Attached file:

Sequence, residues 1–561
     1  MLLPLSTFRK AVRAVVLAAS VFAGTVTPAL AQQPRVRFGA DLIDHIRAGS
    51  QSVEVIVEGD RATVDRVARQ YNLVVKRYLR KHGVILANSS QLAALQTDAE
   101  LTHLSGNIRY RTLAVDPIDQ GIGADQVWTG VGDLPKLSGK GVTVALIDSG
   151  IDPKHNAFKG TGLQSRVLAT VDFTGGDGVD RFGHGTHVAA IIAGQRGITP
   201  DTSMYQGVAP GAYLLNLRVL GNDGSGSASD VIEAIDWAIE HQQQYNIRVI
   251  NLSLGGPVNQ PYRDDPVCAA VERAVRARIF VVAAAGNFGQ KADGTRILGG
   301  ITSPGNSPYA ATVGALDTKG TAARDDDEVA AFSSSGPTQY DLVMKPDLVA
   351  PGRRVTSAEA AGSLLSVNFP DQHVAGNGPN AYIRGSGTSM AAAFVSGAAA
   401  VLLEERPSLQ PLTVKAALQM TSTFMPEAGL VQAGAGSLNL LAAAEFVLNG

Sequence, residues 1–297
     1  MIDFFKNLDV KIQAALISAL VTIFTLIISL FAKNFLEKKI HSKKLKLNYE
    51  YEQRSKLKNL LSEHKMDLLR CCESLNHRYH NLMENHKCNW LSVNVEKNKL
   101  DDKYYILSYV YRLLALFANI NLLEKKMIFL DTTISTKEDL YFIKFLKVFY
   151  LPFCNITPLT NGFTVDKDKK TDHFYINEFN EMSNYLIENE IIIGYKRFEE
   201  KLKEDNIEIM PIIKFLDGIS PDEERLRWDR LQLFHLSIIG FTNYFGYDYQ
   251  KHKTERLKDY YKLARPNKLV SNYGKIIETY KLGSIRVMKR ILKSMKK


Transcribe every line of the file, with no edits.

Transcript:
Sequence, residues 1–561
     1  MLLPLSTFRK AVRAVVLAAS VFAGTVTPAL AQQPRVRFGA DLIDHIRAGS
    51  QSVEVIVEGD RATVDRVARQ YNLVVKRYLR KHGVILANSS QLAALQTDAE
   101  LTHLSGNIRY RTLAVDPIDQ GIGADQVWTG VGDLPKLSGK GVTVALIDSG
   151  IDPKHNAFKG TGLQSRVLAT VDFTGGDGVD RFGHGTHVAA IIAGQRGITP
   201  DTSMYQGVAP GAYLLNLRVL GNDGSGSASD VIEAIDWAIE HQQQYNIRVI
   251  NLSLGGPVNQ PYRDDPVCAA VERAVRARIF VVAAAGNFGQ KADGTRILGG
   301  ITSPGNSPYA ATVGALDTKG TAARDDDEVA AFSSSGPTQY DLVMKPDLVA
   351  PGRRVTSAEA AGSLLSVNFP DQHVAGNGPN AYIRGSGTSM AAAFVSGAAA
   401  VLLEERPSLQ PLTVKAALQM TSTFMPEAGL VQAGAGSLNL LAAAEFVLNG

Sequence, residues 1–297
     1  MIDFFKNLDV KIQAALISAL VTIFTLIISL FAKNFLEKKI HSKKLKLNYE
    51  YEQRSKLKNL LSEHKMDLLR CCESLNHRYH NLMENHKCNW LSVNVEKNKL
   101  DDKYYILSYV YRLLALFANI NLLEKKMIFL DTTISTKEDL YFIKFLKVFY
   151  LPFCNITPLT NGFTVDKDKK TDHFYINEFN EMSNYLIENE IIIGYKRFEE
   201  KLKEDNIEIM PIIKFLDGIS PDEERLRWDR LQLFHLSIIG FTNYFGYDYQ
   251  KHKTERLKDY YKLARPNKLV SNYGKIIETY KLGSIRVMKR ILKSMKK